It Might Be Time To Find A Third Place
What About Your Friends?

It Might Be Time To Find A Third Place

In this digital-focused, post-COVID era that we’re living in, isolation has become the normality.

According to recent studies, more than 50% of Americans are currently grappling with feelings of loneliness, calling our lack (and need) for social connection a “loneliness crisis.”

With so much of our lives revolving around our connection to our phones, work schedules, and the comfort of staying home, it’s resurfaced a need for spaces that act as neutral ground to form new human connections. A space best known as a “third place.”

What Is a Third Place? 

"Third places" refer to social environments that are separate from our homes (first place) and workplaces (second place). The concept of third places was popularized by sociologist Ray Oldenburg in his 1989 book, The Great Good Place,and are defined as informal gathering spots where people can relax, socialize, and build community connections.

“These are often coffee shops, cafes, gyms, hair/nail salons, dog parks, co-working spaces, workout classes, or bookstores,” Melody Warnick, author of This Is Where You Belong: Finding Home Wherever You Are, tells xoNecole. “The thing that defines third places is that they have regulars; people who show up every single day, or once a week, are in community together, and are engaging in conversations.”

Imagining a third place may take you back to episodes of Moesha where the characters met at The Den, hearing your mother and aunties recall stories from their beauty shop appointments and even college days where times in between classes were spent at the student center.

Third places have always been around us, but the key to finding these spaces today is to go where Warnick says, “Everyone is agreeing to have this social experience.”

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How To Find a Third Place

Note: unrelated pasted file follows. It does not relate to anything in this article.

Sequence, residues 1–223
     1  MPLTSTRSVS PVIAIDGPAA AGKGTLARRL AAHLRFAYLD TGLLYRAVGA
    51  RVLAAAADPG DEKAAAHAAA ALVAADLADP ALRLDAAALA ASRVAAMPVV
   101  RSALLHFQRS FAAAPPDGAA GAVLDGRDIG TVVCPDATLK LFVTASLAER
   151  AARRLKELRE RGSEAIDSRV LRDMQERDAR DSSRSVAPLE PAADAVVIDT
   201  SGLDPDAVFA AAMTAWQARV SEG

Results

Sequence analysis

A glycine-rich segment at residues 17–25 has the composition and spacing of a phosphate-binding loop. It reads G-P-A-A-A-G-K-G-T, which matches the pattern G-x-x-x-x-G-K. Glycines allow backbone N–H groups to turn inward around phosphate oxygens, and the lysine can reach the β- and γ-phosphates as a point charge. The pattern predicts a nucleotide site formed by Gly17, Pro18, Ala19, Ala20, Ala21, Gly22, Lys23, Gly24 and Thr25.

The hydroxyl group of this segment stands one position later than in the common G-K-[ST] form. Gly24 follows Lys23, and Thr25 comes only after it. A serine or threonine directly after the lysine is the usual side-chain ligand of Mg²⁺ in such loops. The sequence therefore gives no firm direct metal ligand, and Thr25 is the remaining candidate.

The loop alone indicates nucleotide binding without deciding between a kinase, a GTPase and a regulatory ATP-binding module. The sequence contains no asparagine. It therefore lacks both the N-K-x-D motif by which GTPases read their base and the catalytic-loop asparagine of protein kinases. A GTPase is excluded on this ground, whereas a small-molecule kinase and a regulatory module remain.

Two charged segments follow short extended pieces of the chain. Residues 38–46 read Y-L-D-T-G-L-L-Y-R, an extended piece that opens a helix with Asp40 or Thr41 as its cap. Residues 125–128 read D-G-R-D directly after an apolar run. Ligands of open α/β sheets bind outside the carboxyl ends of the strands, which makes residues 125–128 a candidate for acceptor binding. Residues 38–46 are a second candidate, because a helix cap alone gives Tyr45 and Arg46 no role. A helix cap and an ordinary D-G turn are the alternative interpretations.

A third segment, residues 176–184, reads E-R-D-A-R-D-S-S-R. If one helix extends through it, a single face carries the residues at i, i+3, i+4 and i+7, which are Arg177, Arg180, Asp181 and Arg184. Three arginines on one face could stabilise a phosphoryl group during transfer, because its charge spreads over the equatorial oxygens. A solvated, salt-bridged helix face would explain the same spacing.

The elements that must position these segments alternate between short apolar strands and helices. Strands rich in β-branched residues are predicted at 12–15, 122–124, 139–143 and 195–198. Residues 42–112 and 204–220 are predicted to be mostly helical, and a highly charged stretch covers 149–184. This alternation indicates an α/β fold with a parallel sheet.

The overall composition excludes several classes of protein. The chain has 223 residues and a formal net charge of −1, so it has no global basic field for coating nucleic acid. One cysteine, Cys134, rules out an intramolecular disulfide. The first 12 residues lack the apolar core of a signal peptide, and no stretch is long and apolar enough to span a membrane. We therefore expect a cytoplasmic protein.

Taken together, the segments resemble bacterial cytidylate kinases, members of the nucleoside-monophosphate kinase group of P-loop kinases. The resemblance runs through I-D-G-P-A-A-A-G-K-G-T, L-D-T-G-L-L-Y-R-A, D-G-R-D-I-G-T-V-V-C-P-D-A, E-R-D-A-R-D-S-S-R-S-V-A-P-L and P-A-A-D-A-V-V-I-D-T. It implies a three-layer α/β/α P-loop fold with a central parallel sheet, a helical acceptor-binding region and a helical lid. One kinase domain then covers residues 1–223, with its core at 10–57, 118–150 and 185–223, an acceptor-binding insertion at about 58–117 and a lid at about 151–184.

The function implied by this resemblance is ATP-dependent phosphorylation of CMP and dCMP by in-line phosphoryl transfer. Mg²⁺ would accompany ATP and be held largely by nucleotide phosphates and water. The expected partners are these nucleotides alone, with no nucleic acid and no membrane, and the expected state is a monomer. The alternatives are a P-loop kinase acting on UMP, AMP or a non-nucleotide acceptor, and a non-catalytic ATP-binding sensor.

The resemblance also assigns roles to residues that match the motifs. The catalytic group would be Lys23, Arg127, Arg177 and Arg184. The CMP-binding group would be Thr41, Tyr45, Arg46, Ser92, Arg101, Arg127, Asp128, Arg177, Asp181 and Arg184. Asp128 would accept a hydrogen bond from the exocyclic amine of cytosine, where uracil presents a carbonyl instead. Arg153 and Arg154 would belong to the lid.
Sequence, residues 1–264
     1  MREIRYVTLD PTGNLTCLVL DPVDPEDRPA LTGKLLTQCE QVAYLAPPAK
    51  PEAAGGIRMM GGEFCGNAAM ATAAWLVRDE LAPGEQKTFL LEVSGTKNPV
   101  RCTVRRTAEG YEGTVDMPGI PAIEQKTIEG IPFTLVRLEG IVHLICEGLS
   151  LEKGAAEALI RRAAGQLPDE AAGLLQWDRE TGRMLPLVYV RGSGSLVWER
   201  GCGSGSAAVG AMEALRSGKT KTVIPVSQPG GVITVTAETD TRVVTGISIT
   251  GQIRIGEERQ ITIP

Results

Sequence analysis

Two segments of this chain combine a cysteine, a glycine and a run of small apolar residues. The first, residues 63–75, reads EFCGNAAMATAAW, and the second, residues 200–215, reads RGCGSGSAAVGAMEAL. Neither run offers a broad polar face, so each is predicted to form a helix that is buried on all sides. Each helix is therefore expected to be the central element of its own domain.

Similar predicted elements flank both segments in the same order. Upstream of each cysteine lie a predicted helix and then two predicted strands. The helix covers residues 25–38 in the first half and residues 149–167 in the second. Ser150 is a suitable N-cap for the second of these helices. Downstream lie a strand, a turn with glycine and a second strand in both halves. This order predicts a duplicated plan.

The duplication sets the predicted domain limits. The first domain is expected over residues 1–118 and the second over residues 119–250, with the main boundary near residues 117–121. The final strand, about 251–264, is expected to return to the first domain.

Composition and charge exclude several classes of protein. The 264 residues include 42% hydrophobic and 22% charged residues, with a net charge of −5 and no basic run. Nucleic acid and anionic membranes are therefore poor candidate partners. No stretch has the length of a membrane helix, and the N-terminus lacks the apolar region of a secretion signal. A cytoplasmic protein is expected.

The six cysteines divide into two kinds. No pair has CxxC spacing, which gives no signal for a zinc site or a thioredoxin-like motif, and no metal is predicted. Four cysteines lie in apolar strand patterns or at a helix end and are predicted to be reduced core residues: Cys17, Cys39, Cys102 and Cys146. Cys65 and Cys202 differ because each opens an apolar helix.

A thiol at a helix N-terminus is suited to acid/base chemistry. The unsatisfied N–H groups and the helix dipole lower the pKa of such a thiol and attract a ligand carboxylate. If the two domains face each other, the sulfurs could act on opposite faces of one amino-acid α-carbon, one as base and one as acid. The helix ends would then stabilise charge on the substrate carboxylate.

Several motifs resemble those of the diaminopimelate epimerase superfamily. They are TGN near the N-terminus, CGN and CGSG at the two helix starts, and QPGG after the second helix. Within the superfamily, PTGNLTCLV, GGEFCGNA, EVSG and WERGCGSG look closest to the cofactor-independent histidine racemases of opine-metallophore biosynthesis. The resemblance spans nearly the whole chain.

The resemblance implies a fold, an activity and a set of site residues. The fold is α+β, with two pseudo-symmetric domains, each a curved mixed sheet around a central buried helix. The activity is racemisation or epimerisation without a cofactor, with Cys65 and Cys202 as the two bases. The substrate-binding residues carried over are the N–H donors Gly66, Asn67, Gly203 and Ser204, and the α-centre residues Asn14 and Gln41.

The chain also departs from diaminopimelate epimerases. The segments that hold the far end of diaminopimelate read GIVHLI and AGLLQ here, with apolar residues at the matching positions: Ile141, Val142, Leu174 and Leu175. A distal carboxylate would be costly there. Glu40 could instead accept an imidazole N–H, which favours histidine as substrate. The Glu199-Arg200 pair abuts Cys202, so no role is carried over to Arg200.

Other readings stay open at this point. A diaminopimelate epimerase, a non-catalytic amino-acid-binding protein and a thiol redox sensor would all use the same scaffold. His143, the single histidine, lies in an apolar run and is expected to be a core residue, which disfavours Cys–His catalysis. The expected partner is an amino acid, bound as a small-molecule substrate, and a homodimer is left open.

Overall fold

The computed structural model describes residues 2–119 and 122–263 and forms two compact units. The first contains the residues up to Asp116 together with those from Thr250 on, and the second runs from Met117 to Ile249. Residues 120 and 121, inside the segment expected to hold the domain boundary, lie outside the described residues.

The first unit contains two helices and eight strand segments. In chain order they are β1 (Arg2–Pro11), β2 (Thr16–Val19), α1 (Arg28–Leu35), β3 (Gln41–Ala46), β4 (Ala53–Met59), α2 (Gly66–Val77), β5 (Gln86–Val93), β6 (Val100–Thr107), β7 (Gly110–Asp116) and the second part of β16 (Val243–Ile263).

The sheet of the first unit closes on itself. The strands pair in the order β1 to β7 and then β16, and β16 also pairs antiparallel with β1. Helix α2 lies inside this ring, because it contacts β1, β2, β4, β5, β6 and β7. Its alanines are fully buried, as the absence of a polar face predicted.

When looking for a third place, Warnick shares that there are a few factors to consider in order to find a space that best suits you.

Neighborhood-Friendly: “It needs to be someplace that is already in your neighborhood or on your daily route,” Warnick says.

A Gathering Spot: Warnick says to look for “someplace where people are already gathering, where you see people hanging out, and are spending a good chunk of their time.”

Loud and Small: Finding a place that has a little bit of casual chatter is a good sign because “that means people are talking together, it's not a silent workspace where you're gonna get dirty looks if you say something.”

Welcoming Regulars: “You want to go to a place that is accepting of newcomers. You want a place where you can go as the new person, and over time, you can start to break into the crowd as a regular.”

Benefits of Having a Third Place

Gathering, socializing, and forming new and lasting bonds not only benefit us on an individual level but also contributes to the forward motion of our collective experience. And with the structures of our days being centered around work and going straight home, it’s made our lives seem small and insular.

However, Warnicks shares that third places expand our world by becoming more community-focused and connecting with “familiar strangers.”

“Finding a third place can introduce you to people whose paths you might not normally cross. Like people who are older than you, from different backgrounds or jobs. It creates this sort of neutral space for being together with other people,” she shares.

“A huge part of how we feel like we're members of a community is by being a part of something that’s bigger than us. When you feel like a place is your own, all of a sudden, you feel engaged, like this place matters to you, and that makes you feel responsible for it and makes you want to make your place better.”

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Breaking the Ice

While it does take time, consistency, and intention to find a third place that feels welcoming, Warnick shares that finding community in real life starts with the individuals you’ve grown acquainted with online.

“Finding people in your city who have a social media presence can give you an entry point for meeting new people and your community,” Warnick says. She also recommends going on tech-free walks and outings to truly open yourself up to having conversations and meeting new people.

“It’s kind of a leap of faith because we're used to using our devices as a security blanket. You know, [you] don't know anyone, and we're in an unfamiliar situation. But you have to tell yourself, ‘Hey, it’s going to be awkward, but I’m opening myself up to noticing the people around me and starting a conversation with someone that I wouldn't have met otherwise.'"

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